How can we study programming?

When you don’t know very much about a subject, you don’t know in advance what to measure. So your early experiments are not what they might seem to be—they are not to measure things, but to determine what can be measured and what can be worth measuring. The difference here is well exemplified by the difference between the methodologists of anthropology and sociology. The sociologist is working in his own culture, about which he assumes that he is sufficiently knowledgeable to construct, say, a questionnaire as a measuring instrument. But the anthropologist cannot use a questionnaire because he does not know what questions will be meaningful in another culture. Roughly, then, we might say that the sociologist is looking for answers, and the anthropologist is looking for questions.

The social science that provides us with the most useful overall model for computer programming is anthropology. With a little artistic license and stretching of the imagination, we could imagine computer programmers as having a culture—a shared set of beliefs and activities which shape their day-to-day activities. In our study of programming, we shall first examine the “social structure” of that culture— the way programmers relate to one another and to other people who are not programmers. We shall find some surprising possibilities for improvement in this area over present practices, more even than in the second area of study—programming as an individual activity.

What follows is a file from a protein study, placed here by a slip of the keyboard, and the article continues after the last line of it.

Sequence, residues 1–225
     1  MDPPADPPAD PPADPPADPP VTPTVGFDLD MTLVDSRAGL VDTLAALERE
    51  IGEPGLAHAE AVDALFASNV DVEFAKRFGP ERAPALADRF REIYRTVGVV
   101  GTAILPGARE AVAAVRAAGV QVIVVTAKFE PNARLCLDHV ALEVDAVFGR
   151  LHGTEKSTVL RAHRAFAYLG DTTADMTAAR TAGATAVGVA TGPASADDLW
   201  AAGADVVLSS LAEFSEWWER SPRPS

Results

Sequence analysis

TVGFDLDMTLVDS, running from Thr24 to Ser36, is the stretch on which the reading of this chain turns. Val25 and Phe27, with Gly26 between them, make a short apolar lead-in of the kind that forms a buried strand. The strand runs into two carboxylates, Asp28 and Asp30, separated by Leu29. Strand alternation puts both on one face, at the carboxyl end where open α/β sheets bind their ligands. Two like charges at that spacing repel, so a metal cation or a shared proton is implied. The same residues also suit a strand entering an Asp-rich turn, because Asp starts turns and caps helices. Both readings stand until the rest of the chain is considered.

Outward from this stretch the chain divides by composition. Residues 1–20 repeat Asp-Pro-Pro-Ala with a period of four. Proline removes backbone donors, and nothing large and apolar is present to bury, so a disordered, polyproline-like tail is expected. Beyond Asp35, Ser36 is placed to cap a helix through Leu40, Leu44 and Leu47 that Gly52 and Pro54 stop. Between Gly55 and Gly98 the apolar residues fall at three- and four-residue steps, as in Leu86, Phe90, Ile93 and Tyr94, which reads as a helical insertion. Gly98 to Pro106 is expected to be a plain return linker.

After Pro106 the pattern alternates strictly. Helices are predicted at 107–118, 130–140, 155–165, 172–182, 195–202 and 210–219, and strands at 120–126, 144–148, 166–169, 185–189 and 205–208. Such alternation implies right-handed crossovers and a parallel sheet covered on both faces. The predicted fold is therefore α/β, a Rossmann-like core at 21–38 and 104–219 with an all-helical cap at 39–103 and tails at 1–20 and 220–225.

— Gerald Weinberg, The Psychology of Computer Programming, Chapter 3

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